Think about that the next time you sit next to enlisted personnel on an airport. If you detect weariness, anxiety, or even demoralization, consider that it is not because they do not want to serve their country. They do. What destroys the human spirit is the reality that your right to choose has been taken away, should conditions turn out differently than you expect. They want to serve the cause of freedom, but they are themselves not free.

The Jeffrey Michels Case

Here is a case that happened just this week. A man named Jeffrey Lantz was arrested in Florida. He is 64 years old, married with kids. In 1998, he had founded and ran a successful construction company. But some investigation discovered that his real name is Jeffrey Michels. He signed up for the Air Force, was sent to North Dakota to guard some missile silos, and one day in 1977, he didn’t show up for work. Forty years later, he was arrested from his home and now languishes in military prison.

The penalty for desertion presents a problem for the claim that all these people know what they are getting into. At best they know when they first sign up. But they are not allowed to change their minds later. No matter how bad it gets, they must follow through, risking death by staying on the job or facing death at the hands of their bosses should they decide to walk away.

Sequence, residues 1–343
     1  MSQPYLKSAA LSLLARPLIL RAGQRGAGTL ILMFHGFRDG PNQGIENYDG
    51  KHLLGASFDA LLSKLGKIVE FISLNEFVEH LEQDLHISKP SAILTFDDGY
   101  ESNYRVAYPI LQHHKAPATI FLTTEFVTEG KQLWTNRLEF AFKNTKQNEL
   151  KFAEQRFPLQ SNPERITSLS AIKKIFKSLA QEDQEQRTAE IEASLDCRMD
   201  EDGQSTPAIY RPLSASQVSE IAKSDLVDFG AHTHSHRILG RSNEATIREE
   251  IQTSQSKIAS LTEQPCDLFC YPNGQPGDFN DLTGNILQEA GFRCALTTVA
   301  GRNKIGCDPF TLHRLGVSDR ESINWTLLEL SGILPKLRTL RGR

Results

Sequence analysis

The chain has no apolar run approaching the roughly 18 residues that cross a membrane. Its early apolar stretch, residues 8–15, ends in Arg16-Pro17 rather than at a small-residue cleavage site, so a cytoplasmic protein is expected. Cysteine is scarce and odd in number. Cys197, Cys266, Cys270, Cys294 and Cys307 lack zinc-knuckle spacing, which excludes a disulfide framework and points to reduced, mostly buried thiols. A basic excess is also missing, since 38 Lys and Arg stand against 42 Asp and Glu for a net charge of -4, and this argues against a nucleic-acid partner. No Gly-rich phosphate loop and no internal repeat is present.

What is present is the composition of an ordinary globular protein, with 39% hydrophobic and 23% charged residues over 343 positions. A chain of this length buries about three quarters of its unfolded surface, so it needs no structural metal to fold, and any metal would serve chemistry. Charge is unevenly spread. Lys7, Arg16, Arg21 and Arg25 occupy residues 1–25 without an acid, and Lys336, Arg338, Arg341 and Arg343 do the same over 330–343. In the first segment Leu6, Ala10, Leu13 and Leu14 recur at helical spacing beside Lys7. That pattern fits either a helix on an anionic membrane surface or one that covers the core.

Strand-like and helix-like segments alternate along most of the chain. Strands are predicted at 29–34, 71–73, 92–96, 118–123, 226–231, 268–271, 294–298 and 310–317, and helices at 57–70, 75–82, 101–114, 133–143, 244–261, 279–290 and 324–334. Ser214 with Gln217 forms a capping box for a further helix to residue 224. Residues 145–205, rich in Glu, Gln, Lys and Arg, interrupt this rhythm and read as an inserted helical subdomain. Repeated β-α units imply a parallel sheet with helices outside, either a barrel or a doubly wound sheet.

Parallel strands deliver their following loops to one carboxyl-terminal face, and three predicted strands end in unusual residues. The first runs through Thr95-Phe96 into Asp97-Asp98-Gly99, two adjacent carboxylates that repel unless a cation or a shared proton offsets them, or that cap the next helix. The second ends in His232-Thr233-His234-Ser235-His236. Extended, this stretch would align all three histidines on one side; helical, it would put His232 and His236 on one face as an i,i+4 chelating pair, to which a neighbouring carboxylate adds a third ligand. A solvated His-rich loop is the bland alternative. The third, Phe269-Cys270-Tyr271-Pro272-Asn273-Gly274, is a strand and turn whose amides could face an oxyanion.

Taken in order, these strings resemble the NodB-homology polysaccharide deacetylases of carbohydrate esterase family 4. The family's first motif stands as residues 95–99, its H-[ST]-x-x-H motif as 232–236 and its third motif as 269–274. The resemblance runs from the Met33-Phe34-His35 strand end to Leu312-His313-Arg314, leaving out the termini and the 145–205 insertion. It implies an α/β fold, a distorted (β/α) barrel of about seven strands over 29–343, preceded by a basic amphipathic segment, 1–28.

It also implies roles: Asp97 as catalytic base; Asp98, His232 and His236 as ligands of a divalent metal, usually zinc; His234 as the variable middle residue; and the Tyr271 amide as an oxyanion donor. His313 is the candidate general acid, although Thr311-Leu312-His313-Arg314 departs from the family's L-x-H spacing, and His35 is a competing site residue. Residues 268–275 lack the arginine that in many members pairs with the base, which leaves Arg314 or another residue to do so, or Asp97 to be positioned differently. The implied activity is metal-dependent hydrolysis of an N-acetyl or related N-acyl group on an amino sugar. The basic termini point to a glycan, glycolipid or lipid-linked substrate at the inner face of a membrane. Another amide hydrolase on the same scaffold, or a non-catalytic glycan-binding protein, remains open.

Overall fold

As I read about the story, I thought of the 40 years in which he tried to live a normal life, all the while knowing that his freedom could end at any moment. One knock at the door and he would be finished. Nothing else he has done in his life–good husband, father, worker–matters, all because on that one fateful day in 1977, in the wake of mass desertions during the Vietnam War, he didn’t show up.

I’m in the middle of rewatching Mad Men yet again. The entire story of Donald Draper is about his act of “cowardice” in the Korean War. He switched tags with a dead man, so that his old self would die and he could reinvent himself and go home. Presumably, this is a horrible crime. But when it is revealed to his bosses at the advertising agency, the CEO completely dismisses it. Who cares? What matters is your value to the world right now.